Molecular FormulaNameMolecular Mass(u)Boiling point b.p.(K)Melting point m.p.(K)

Table 1.

Physical properties of melting point and boiling point to Paraffins.

The conformations of C2, ethane, is special, and the torsional strain and eclipsed form maximum torsional strain, it can be that rotation around C-C bond in is not completely free, and can affect the melting point.

In this work, the interaction energy, ΔintE and formation enthalpy, ΔfH were studied for five paraffins compounds like pentene, hexane, octane, undecane and tetradecane respectively, by computational calculate and correlation with experimental data, for evaluation of linearity found between experimental and theoretical data.


2. Methodology

2.1 Computational

The computational calculate in this work was used a machine with core processor i5-5200u 2.20GH and with 8G of RAM, 250D SSD, gforce 920 m video card running Xubuntu Core operating system (Linux distribution based on Ubuntu 16.04) and molecular modeling software distributed free of charge.

The work began with the construction of the geometry of the reagents used in the AVOGADRO program. In this program the graphical interface is used for the disposition of atoms and bonds in their proper places generating a three-dimensional representation of the molecules. The generated structures can be recorded in coordinate files that specify the positions of each atom in a Cartesian space (Cartesian coordinates) or indicate the bond length, angles and dihedral for each atom of the system (z-matrix) like is showed in Table 2.


Table 2.

Recorded in coordinate files.

The generated structure is then optimized so that the values of bond lengths, angles and dihedra are optimized in order to obtain geometries closer to those experimentally determined. To perform this optimization, one needs to use a set of parameter data for several atoms in several different chemical environments called the force field.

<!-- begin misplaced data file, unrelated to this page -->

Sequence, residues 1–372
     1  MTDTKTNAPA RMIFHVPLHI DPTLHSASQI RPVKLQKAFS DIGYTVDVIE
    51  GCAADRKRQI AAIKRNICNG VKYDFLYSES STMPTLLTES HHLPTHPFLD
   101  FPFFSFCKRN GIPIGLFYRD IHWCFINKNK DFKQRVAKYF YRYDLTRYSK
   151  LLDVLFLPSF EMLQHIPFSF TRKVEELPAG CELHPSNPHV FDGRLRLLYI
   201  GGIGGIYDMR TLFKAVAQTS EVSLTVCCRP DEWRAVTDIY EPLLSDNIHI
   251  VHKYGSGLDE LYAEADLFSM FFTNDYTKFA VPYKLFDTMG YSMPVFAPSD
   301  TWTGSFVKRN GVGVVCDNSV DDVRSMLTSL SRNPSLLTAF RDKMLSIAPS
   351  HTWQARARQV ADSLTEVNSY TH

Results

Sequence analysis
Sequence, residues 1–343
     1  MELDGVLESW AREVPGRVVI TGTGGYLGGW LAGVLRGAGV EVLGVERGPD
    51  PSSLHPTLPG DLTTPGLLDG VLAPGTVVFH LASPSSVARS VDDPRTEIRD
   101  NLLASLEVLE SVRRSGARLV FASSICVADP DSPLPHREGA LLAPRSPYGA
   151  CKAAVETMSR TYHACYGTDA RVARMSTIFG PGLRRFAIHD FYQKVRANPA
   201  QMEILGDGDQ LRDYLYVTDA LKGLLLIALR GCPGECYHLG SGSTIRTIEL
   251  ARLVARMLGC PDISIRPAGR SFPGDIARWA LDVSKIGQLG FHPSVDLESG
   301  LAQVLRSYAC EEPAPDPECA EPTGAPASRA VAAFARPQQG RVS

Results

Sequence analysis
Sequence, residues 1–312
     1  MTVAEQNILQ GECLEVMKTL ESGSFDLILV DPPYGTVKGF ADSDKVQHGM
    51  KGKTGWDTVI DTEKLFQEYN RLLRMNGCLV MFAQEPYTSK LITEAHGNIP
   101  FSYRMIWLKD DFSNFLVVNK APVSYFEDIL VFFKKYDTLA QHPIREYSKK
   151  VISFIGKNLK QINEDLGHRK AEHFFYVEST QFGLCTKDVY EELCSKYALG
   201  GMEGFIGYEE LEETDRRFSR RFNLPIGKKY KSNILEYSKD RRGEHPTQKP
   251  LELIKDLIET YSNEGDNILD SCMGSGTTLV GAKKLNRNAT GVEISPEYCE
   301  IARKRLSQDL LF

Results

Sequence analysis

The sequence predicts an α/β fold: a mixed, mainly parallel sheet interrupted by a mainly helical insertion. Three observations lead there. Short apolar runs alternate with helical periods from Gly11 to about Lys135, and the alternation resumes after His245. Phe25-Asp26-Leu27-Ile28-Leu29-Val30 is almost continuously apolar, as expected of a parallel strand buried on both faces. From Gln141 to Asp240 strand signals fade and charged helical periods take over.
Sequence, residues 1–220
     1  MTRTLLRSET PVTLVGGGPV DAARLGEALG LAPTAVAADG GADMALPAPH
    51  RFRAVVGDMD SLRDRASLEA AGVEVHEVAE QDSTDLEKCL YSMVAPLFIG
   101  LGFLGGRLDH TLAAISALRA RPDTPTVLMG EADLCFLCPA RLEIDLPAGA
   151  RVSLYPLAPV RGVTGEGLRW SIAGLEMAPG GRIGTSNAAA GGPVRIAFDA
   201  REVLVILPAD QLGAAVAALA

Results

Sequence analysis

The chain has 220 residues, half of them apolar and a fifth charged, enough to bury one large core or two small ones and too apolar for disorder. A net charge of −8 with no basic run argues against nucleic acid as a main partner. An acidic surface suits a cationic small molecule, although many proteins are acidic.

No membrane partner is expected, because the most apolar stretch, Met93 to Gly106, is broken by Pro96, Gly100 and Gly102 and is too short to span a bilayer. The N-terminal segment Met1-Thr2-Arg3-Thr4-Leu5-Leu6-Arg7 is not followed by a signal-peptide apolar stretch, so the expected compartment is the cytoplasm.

Once created and optimized, the system is saved to the PDB file. Using the program OPEM BABEL, the PDB file containing the reagents for the input files of MOPAC2016 was generated, thus generating a file <FileName> .mop.

In the .mop file the first line of the is intended for the insertion of the keywords that will determine what type of calculation the program should carry out the second line is a space to put comments that may be relevant and the other lines are the set of coordinates that representation the system. The following Figures 14 show three-dimensional structure obtained from some paraffinic compounds used this computational methodology.

Figure 1.

Three-dimensional representation of the pentane molecule.

Figure 2.

Three-dimensional representation of the hexane molecule.

Figure 3.

Three-dimensional representation of the octane molecule.

Figure 4.

Three-dimensional representation of the undecane molecule.


3. Results and discussion

The result of interacting energy, separate are in the Table 3 and graphic in Figure 5, shows that a energy of interaction increasing with molecular mass, with a good correlation between each data, r2 = 0.99627. This show that the interacting energy is a important parameter thermodynamic to explain the fact that intermolecular van der Waals increase with increase of the molecular size or the surface area of the paraffins molecule.

MoleculeInteracting Energy (kJ ∙ mol−1)Separate energy (kJ ∙ mol−1)ΔintE
(kJ ∙ mol−1)
Boiling point Experimental (°C) [8]

Table 3.

Values for energy of interaction between the molecules and the experimental boiling point.

Figure 5.

Correlation between the calculated interaction energy and the experimental boiling point.

On the other hand the paraffins compounds can have infinite number of conformations by rotation around –C-C- single bonds and consequently generates of 1–20 kJ/mol in small energy barrier due weak interaction between adjacent bonds as called torsional strain. Then to obtain a stable molecule of paraffinic compounds it is necessary a more complete analysis of other parameters thermodynamics such as the enthalpy of formation (ΔfH°) that in this work was calculate using the program MOPAC201 where ΔfH° were compared with experimental data, as can be observed in the Figure 6.